Will Adobe’s Flash Have a Future on the Web?

Microsoft recently announced at the BUILD conference that Internet Explorer 10 in the Metro interface will not support plugins. This means that Internet Explorer won’t support Flash.

Gasp!But does this come as a big surprise to you? I mean, Flash has never been supported on any iOS devices, it isn’t shipped on Macs anymore, and it doesn’t work that well with Android, so it’s never been a big player in the mobile market.

Yes, Flash will still be supported in the classic desktop mode of Windows 8, just not in Metro. Is this a sign that Adobe’s future on the web is limited?

Adobe continues to roll out new releases of Flash. Adobe has said that they will ship Flash Player 11 starting in early October, which has a lot of new graphics enhancements such as hardware-accelerated rendering for both 2D and 3D graphics.

But will these changes matter at all? Once HTML5 becomes more mainstream and is supported by more browsers, it will become a LOT more reliable. I don’t know how it is for you, but Flash crashes a lot.

Can Flash be saved? Well let’s look at what features will be introduced in Flash 11 and decide for ourselves. Adobe is introducing a new feature called Stage 3D. Stage 3D is a new hardware-accelerated graphics architecture for 2D and 3D rendering performance.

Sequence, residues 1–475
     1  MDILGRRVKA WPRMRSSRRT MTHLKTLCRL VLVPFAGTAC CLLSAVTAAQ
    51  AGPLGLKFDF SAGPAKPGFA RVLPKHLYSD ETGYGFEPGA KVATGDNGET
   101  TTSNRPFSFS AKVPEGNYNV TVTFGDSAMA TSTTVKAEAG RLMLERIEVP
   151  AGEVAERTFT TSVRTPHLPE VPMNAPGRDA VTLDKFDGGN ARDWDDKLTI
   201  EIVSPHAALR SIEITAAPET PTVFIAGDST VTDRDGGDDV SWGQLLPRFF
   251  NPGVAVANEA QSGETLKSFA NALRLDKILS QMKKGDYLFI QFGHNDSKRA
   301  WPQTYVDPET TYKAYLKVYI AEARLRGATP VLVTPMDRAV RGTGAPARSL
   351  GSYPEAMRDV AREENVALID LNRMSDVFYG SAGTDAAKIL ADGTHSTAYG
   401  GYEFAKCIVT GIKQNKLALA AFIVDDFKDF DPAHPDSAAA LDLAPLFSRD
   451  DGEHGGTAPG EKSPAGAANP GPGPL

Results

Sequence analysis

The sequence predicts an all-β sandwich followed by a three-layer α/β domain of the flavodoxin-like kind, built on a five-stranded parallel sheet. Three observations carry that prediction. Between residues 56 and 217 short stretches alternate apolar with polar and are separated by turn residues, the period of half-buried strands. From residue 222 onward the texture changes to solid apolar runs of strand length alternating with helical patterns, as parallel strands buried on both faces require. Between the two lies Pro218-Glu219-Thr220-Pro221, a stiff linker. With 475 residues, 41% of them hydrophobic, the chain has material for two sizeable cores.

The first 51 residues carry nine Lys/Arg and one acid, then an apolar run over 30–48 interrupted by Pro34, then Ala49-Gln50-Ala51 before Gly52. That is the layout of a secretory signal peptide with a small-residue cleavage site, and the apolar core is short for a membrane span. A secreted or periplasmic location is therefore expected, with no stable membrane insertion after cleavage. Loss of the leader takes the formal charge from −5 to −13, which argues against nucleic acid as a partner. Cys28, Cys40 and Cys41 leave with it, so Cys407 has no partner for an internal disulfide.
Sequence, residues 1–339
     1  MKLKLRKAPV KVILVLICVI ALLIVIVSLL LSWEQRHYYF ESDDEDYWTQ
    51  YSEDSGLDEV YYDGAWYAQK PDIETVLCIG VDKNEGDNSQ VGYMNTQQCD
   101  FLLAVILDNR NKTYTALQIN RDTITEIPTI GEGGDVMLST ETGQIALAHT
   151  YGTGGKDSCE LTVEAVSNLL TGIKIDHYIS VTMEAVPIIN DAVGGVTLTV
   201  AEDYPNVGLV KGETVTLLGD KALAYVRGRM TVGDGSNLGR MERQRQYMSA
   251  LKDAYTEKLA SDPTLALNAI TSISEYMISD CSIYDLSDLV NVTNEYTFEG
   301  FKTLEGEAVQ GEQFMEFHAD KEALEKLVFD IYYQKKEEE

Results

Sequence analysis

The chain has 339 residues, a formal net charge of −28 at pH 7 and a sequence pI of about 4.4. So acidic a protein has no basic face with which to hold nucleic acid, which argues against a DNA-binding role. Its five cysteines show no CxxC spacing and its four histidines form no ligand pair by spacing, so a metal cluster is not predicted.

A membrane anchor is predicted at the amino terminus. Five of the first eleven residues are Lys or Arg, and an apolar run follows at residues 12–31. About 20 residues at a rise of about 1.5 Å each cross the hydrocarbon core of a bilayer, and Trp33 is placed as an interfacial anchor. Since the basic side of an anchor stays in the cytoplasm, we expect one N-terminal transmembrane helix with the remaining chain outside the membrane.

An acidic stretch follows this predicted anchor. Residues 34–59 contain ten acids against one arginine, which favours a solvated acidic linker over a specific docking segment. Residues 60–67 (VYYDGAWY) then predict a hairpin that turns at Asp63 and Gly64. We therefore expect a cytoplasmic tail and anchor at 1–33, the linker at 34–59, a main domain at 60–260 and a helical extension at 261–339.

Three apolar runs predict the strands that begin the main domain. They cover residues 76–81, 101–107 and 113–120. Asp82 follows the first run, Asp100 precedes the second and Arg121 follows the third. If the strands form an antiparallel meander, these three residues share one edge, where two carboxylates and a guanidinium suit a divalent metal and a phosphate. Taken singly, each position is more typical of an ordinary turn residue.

This will speed up the video performance of even old computers.

Stage 3D is aimed at every kind of device, phones, tablets, internet TVs, etc. That means that Adobe is still aiming to become part of the mobile market. That’s great, but this will basically be Android exclusive  right?

Well that’s what Adobe Air is for. Adobe Air is a tool for developers that allows them to turn their Flash based programs into native apps for different platforms. Adobe says that the new version of Air will allow developers to make Flash based apps for the Windows 8 Metro user interface.

Although the apps will be able to run on these platforms, it doesn’t mean that the apps will run fast. Often these apps run slowly and drain the device’s battery life.

More than two thirds of all web games are still Flash based, so Flash is not dead yet. Not until HTML5 or a similar language like JavaScript or WebGL becomes widespread.

Flash does also have an appeal to developers that none of the other languages have, Flash is a lot more widespread than any of the other languages. It can be used on all PCs if you have a web browser.

Personally, I don’t see Flash making a big comeback anytime soon. Most people now access the web from a smartphone or tablet. Most of those devices don’t support Flash.

I don’t see Flash completely dying either. I see Flash finding a niche market with games and people who need to have very high video performance.

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What do you think? Will Flash have a future on the web?

I’d be interested in what you have to say below.